The mathematician and inventor Charles Babbage wrote 26 programs between 1836 and 1841 for the unfinished "Analytical Engine“ (AE). The code is embedded implicitly in tables summarizing program traces. In this talk, I present the programming architecture of Babbage’s mechanical computer based on the first code written for the machine. The AE had a processor separate from memory, and worked using a kind of dataflow approach. The stream of arithmetical operations was independent from the stream of memory addresses. Special "combinatorial" cards allowed the processor to execute FOR and WHILE loops. Combinatorial cards also allowed independent looping through the stream of memory addresses. Quite sophisticated computations were possible and illustrate why Babbage talked about the possibility of doing "algebra" with his machine. The programs I will discuss predate by several years the account published by Menabrea in 1842 and translated later by Lady Lovelace with notes of her own.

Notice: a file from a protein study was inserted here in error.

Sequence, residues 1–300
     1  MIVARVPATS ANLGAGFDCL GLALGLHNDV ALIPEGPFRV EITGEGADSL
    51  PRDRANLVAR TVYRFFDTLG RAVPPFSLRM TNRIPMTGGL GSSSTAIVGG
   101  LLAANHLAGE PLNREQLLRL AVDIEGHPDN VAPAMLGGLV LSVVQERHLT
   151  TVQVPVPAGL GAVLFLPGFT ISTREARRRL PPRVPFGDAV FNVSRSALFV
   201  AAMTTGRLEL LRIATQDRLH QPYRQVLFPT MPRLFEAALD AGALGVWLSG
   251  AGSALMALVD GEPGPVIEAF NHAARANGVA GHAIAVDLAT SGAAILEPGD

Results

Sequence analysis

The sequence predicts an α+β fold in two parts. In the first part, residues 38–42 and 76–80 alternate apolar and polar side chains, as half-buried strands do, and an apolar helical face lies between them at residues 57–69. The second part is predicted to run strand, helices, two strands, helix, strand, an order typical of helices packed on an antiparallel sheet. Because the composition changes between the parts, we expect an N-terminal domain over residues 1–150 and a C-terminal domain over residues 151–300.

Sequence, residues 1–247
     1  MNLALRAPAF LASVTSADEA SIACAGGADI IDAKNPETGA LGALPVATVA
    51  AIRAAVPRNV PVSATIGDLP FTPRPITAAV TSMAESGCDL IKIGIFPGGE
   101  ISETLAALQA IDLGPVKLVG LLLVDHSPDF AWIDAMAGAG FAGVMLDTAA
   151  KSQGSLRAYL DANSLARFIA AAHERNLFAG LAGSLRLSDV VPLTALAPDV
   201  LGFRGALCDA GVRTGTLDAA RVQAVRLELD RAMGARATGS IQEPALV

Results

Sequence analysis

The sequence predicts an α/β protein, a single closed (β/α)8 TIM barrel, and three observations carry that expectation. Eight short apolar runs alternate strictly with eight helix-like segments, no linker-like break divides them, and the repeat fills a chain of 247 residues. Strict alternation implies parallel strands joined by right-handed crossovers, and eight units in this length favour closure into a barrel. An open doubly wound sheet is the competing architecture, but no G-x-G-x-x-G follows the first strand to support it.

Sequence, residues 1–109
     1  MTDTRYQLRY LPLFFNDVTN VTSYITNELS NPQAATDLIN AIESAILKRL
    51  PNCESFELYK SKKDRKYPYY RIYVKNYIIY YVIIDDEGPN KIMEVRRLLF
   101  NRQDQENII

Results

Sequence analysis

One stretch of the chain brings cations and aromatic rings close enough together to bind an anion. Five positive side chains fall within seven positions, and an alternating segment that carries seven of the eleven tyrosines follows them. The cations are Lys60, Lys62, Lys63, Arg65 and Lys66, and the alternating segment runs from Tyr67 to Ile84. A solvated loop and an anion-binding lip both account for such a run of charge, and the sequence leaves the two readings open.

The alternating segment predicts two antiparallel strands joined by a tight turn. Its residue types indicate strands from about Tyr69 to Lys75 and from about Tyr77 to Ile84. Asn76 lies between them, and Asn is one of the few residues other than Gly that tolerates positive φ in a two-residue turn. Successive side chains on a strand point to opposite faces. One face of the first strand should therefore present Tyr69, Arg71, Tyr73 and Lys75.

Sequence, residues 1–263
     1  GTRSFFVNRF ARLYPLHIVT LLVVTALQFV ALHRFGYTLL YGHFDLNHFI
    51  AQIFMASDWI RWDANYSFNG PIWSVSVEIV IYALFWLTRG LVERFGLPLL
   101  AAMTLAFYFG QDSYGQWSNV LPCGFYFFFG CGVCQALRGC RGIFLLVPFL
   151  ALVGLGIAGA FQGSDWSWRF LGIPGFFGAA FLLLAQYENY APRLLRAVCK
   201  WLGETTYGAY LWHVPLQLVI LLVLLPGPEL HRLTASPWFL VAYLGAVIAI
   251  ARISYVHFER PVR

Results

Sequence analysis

Raúl Rojas González is a professor in the Dept. of Mathematics and Computing from the Free University of Berlin. He is a graduate of the IPN (Mexico), where he got his Bachelor's and Master's degrees in mathematics. Later he performed doctoral studies and obtained the habilitation in Sciences of Computing at the Free University of Berlin. He has written about the history of computing and is the author of the book "The First Computers" (MIT Press, 2000). His articles on the Babbage machine have appeared in journals German and in Annals of the History of Computing. Raúl Rojas was Professor of the Year in 2014 in Germany and is the National Science Award of Mexico in the 2015 cohort.